It is possible that Chinese medicine, particularly herbal formulas, could help your mother. The specific formula would depend on her Chinese diagnosis, which would be unique to her and her symptoms, and address her overall health as well as her arteriosclerosis. An acupuncturist / herbalist will sit down with your mom, talk to her at length about her symptoms, her history, and her general health including emotional well-being, look at her tongue, take her pulse and then develop a diagnosis.
Although from a western perspective atherosclerosis is always just atherosclerosis, Chinese practitioners will classify the disease more finely, based on the specific constellation of symptoms.
Chinese diagnoses may sound very odd but they mean something very specific to the Chinese practitioner, just as the word "arteriosclerosis" does to a western physician. Potential diagnoses for arteriosclerosis might be things like: heart qi vacuity, phlegm turbidity, chest yang impediment, or several others. Each diagnosis requires a specific herbal formula, so getting the right diagnosis from a practitioner is very important since the wrong formula can do more harm than good. Once you have the right formula, results can be very positive.
A conscientious practitioner will also discuss with you the medications you are currently on, and make sure there will be no negative interactions with herbal formulas. Depending on the severity of your symptoms you may not be able to completely stop taking western medications, but you may be able to augment with herbs and thereby take less of your western meds. In milder cases you may indeed be able to rely on herbs alone.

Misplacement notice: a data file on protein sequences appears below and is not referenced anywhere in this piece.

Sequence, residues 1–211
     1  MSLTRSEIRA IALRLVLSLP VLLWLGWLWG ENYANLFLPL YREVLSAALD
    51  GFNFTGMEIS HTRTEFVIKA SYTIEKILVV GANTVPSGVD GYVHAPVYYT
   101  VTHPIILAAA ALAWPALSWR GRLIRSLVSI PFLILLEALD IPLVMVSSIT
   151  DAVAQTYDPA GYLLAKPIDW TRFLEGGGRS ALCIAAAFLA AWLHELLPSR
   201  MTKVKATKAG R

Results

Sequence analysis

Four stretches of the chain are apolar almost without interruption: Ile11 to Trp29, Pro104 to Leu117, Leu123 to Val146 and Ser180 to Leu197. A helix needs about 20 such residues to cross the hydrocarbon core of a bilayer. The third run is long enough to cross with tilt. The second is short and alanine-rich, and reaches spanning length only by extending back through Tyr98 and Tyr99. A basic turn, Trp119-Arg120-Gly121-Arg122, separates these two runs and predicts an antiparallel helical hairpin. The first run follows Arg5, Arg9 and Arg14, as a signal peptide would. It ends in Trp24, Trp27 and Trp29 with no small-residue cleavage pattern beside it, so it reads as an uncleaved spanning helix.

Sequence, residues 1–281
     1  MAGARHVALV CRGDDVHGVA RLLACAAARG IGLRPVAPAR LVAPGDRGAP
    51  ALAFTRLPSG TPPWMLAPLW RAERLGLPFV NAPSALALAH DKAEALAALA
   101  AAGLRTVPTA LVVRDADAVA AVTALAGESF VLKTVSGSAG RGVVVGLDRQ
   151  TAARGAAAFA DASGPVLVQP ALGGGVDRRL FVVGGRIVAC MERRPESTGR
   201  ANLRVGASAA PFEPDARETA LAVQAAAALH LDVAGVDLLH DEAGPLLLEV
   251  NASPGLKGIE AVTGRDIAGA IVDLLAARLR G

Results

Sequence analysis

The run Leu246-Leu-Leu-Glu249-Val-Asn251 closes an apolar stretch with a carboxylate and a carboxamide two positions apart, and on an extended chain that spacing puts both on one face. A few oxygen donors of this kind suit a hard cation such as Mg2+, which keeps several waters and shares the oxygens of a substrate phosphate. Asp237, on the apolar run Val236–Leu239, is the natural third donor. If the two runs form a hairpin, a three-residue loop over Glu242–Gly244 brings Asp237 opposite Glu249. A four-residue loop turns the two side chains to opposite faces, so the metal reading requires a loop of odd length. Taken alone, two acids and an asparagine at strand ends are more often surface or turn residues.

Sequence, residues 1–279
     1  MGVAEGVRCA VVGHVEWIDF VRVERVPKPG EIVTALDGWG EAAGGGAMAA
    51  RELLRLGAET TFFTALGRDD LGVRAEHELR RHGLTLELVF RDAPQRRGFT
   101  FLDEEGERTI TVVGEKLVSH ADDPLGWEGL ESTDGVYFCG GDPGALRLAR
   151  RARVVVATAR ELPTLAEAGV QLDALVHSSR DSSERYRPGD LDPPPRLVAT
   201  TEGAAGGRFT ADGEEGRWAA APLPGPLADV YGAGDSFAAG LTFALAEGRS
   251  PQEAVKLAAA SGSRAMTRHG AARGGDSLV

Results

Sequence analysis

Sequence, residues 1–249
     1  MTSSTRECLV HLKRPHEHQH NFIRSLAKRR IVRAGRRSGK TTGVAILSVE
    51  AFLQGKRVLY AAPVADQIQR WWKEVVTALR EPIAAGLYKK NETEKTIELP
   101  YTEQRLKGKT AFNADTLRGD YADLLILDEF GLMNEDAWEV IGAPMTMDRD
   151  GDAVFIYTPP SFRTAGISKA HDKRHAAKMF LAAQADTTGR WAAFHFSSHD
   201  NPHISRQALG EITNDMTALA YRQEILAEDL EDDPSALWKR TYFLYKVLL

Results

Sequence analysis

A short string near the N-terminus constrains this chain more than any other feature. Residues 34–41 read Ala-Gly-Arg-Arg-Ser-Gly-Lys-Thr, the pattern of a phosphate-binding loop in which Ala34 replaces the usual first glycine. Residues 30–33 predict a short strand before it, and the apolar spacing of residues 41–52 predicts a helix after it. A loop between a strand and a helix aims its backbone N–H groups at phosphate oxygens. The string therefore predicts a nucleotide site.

Lastly, with respect to acupuncture, while regular acupuncture treatments will help your mom's overall well-being and help keep her active and feeling good (and help mitigate any side effects of her medications, if that's the reason she doesn't like taking them), it won't be able to address the main health issues; herbal formulas are what can help with that.
When you look for an acupuncturist or herbalist in your town, make sure that they have at least a Master's degree in Oriental Medicine, which is a four year degree. Individuals can do acupuncture with only two years of school and will not have the knowledge to develop a formula to suit your mother's more complex needs. However (depending on the state you live in) both levels of education might be given the title "licensed acupuncturist," it will be up to you to inquire regarding the actual level of education.
I hope this has addressed the main point of your question. And I hope you understand why I haven't recommend specific herbs - without more details, and without seeing your mother's tongue and taking her pulse, I could accidentally recommend the wrong thing, potentially making her symptoms worse. And I definitely don't want to do that!
BTW, it is GREAT that your mom is so active! Congratulations to her on that.
Here's wishing the both of you the best in health,